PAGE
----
Why is climate change such an interesting investment space over the next 5 years? OnePlanet Capital’s Matt Jellicoe explains

by | Jun 1, 2022

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The OnePlanetCapital flagship fund is an EIS fund that focuses on early-stage companies combating climate change. In this article, OnePlanet Capital’s Co-Founder and Director, Matthew Jellicoe, tells us why he believes there are currently significant investment opportunities in this space. 

One of the key challenges in educating investors about the fund is to explain how the impact driven nature of the fund combines with the strong investment returns which are possible from the space we invest in.

Investors tend to think of ‘impact’ in an altruistic sense – as something separate from investor returns. However, the climate change space in an area where you genuinely have both.

What I do not want to do in this article is detract from the underlying seriousness of this sector with commercial messages reiterating the commercial opportunity of investing in climate change – this undermines the gravity of the situation and what is unfolding. So, I will briefly spell out the environmental trends as per the most recent IPCC report and then put this into an investment perspective.

Main takeaways from the IPCC UN 2022 climate impacts report;

 
 

Climate change is hurting our health – large increases in mortality and morbidity are predicted from everything from food poverty, flooding, displacement, stress related illnesses and smoke inhalation from wildfires. Many things are being lost forever – whether ecosystems, habitats, or even homes – by 2050 up to 1 billion people will be at risk of losing their homes due to supercharged flooding and storms. Whilst the IPCC reports cites adaption as a key strategy, this can only be done up to a point.

Although everyone is affected by climate change, not everyone is affected equally, with poorer communities, women, children, indigenous people all projected to be the most vulnerable as the century progresses. Today, 3.3-3.6 billion people live in “contexts that are highly vulnerable to climate change”, a figure, again, that is projected to rise. Although it is too late to do much about some climate impacts, virtually every projected risk becomes more dangerous the higher the temperature rises.

Unsurprisingly given this backdrop, commitments to mitigate climate change are more ubiquitous than ever, and companies, asset managers and governments have been at the forefront of this over the last year.

 

Worldwide emissions must fall by half by 2030 and reach net zero by 2050 to have any chance at keeping global temperature rise under 1.5°C. Ultimately, global cooperation between governments is required to address the full scope of this threat. Increasingly this target is looking unreachable.

President Biden re-joined the Paris Agreement on his first day in office, the Net Zero Asset Managers Initiative gathered steam, and milestone gatherings such as COP26 sought to catalyse global collaboration to address the climate crisis. At the same time, the market saw increasing demand from investors who want to take climate action in their portfolios.

The investment background of climate change

 
 

From an investment perspective climate change represents a megatrend of sorts. I.e. changes that are required so substantially and so quickly that they will impact almost every aspect of society.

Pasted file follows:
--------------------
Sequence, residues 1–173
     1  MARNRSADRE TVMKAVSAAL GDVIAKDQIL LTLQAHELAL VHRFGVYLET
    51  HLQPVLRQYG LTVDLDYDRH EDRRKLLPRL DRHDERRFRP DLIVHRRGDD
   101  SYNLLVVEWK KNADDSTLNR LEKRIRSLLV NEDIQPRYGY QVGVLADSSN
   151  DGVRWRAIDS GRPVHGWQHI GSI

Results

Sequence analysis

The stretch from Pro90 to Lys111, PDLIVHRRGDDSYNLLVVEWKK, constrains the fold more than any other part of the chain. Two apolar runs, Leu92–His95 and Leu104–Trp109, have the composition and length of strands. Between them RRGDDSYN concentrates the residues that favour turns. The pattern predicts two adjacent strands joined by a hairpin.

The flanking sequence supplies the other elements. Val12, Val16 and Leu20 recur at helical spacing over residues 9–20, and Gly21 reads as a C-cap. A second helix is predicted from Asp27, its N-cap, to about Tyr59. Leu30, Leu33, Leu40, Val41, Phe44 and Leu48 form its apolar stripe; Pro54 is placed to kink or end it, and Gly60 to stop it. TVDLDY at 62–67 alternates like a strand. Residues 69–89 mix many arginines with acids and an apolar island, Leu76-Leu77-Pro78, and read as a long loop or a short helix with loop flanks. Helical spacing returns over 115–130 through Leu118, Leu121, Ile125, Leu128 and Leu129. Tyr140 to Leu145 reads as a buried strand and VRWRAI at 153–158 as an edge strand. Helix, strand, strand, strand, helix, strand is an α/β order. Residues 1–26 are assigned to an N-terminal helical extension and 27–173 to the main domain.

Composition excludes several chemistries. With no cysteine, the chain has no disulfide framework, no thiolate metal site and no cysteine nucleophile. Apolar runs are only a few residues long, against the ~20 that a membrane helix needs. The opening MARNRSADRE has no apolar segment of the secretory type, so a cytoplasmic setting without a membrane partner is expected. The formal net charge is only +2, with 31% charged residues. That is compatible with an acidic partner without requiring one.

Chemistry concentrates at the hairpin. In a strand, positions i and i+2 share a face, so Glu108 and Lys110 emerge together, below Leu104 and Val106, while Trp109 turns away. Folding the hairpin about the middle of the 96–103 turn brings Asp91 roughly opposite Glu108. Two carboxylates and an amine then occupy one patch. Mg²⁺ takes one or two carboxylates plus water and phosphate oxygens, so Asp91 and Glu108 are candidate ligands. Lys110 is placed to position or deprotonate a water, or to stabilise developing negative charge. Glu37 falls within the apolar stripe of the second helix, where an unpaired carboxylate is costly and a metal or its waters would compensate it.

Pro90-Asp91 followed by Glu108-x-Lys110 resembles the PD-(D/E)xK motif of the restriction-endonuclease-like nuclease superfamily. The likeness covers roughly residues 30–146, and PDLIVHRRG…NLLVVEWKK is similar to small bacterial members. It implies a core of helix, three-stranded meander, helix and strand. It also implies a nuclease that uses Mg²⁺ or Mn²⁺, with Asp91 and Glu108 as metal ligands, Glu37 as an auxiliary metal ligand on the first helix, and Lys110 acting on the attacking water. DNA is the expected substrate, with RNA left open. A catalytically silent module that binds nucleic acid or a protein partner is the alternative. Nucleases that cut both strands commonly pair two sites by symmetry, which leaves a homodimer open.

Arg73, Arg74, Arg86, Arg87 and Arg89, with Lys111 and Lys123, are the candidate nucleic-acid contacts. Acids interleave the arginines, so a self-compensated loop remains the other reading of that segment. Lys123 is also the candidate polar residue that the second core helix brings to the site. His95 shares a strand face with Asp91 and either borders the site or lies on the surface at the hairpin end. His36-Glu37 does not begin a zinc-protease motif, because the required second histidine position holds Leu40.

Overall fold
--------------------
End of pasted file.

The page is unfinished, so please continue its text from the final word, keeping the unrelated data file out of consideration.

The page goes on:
Unsurprisingly this has been seen on a global scale in terms of investment, as of December 2021, there were 860 climate funds with collective assets under management of $408 billion worldwide. Global assets have doubled in one year, boosted by continued fund flows and an accelerated pace of product development. Over the year, flows into the European climate fund universe amounted to an all-time high of more than $108 billion, up 61% from the previous record in 2020.

However, at a macro scale, these climate funds are what I would term passive in terms of climate change impact. In other words, they are composed of companies that are committed to net zero and emissions curbs at a general level. If investors are looking for companies that are providing solutions to climate change this is a harder task and likely one that suits venture capital funds as there is so much early-stage technology and service businesses coming into the space with the capacity for huge growth.

 

It is hard to generalise about the space in terms of what investors should look for as climate change is affecting almost every level of society and energy production – whether it is companies developing innovative solutions to mitigate the damage, such as carbon capture technologies and renewable energy markets to transport and new products and services.

A couple of examples illustrate the kinds of growth that are available in the sector. In the UK for example EVs are predicted to have 50% market share by 2030 – obviously largely driven by regulation. But the hypergrowth of a sector growing at 300% per annum impacts demand across the battery supply industry, the global charging infrastructure as well as the whole car industry generally.

Likewise, the battery storage market in the USA is predicted to grow from a nascent industry to $426 billion over the next 10 years. Looking at carbon mitigation, one of our portfolio companies (Earthly.org) operate in the nature-based carbon offset market – Mckinsey recently reported on this market growing 15 x by 2030 up to $50bn in value) and 100 x by 2050.

 

There are massive growth opportunities across the sector – however due to the relative immaturity of companies coming to market with genuine solutions for the climate change crisis the appropriate investor channel is likely venture capital funds with a focus on climate change.

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